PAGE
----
MLB Advanced Stats: What is FIP/xFIP?
Al Bello/Getty Images. Pictured: Jacob deGrom.
Similar to ERA, FIP (Fielding Independent Pitching) measures a pitcher’s performance on the mound.
FIP, however, only includes events that pitchers have control over, such as strikeouts, walks, home runs, and hit-by-pitches. As the name suggests, fielding essentially doesn’t matter because pitchers have no control over what happens once a ball is hit into play.
Instead, FIP measures what a pitcher’s ERA would look like if he experienced league-average defense and luck.
If a pitcher were to have a high average of balls put in play, his FIP would likely be lower than his ERA.
What About xFIP?
In addition to FIP, there’s a similar statistic called xFIP, which stands for Expected Fielding Independent Pitching.
Like FIP, xFIP serves as a better indicator of a pitcher’s ability moving forward than ERA, but the two stats differ in the way they take home runs into account.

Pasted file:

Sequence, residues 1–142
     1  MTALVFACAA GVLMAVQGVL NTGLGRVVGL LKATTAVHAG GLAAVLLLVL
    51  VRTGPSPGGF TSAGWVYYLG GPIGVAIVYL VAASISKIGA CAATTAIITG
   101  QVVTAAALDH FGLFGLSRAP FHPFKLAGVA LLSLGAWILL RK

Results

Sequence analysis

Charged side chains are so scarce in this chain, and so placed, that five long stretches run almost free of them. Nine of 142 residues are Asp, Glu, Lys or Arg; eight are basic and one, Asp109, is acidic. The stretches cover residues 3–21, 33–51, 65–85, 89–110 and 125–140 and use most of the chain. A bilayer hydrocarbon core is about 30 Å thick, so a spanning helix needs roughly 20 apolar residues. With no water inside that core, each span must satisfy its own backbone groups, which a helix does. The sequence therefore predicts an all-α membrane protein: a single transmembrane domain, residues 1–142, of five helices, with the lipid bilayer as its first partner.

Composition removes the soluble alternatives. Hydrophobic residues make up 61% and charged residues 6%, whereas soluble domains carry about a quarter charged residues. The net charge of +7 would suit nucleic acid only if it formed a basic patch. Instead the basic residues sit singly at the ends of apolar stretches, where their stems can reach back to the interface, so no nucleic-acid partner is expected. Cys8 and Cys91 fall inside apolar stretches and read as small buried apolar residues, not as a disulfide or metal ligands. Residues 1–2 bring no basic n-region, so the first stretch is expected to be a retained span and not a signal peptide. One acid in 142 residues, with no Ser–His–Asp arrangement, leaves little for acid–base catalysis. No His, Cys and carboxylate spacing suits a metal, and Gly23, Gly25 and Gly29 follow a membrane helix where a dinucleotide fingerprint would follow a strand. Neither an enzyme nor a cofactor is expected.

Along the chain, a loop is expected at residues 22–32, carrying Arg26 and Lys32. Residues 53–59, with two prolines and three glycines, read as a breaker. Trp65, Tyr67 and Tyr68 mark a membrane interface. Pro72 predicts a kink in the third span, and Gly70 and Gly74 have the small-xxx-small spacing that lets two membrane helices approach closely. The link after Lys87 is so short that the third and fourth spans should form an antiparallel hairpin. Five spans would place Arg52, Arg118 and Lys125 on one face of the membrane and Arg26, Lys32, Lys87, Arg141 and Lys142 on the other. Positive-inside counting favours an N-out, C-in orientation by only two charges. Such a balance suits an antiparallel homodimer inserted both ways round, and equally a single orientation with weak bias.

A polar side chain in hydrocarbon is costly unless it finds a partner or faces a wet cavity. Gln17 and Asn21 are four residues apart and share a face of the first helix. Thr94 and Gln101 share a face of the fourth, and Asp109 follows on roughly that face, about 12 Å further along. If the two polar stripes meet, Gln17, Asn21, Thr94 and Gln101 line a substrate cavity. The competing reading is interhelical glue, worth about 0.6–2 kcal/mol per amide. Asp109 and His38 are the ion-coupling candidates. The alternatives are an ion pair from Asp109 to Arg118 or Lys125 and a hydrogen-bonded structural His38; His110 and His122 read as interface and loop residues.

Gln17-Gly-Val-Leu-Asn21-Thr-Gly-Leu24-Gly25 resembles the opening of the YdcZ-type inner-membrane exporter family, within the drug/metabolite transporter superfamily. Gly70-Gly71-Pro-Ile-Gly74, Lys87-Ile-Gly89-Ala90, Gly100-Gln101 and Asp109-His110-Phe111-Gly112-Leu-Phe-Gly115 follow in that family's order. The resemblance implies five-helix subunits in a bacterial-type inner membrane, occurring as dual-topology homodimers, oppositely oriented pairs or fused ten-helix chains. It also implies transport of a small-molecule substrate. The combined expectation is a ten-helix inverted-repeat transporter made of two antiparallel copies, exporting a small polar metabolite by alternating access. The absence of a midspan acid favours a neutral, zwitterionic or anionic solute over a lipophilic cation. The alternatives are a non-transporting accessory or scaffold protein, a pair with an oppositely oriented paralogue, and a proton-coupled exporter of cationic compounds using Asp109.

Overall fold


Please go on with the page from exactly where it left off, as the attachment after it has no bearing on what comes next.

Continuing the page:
While FIP uses the straight number of home runs allowed in its equation, xFIP uses home run rate, which is calculated by that season’s Home Run to Fly Ball (HR/FB) rate.
When a pitcher’s HR/FB rate is above league average, his xFIP would be lower than his FIP. Despite the difference, both are designed to more accurately measure a pitcher’s performance than traditional stats such as ERA.
FIP and xFIP in Betting
From a betting perspective, FIP and xFIP can be incredibly useful when attempting to isolate a pitcher’s underlying performance to find value game-to-game.
Because it doesn’t take fielding or luck into account, it lends itself to exploiting specific mismatches on the mound.
Our Sean Zerillo uses wOBA in his model and projections for betting MLB games, which you can read about here.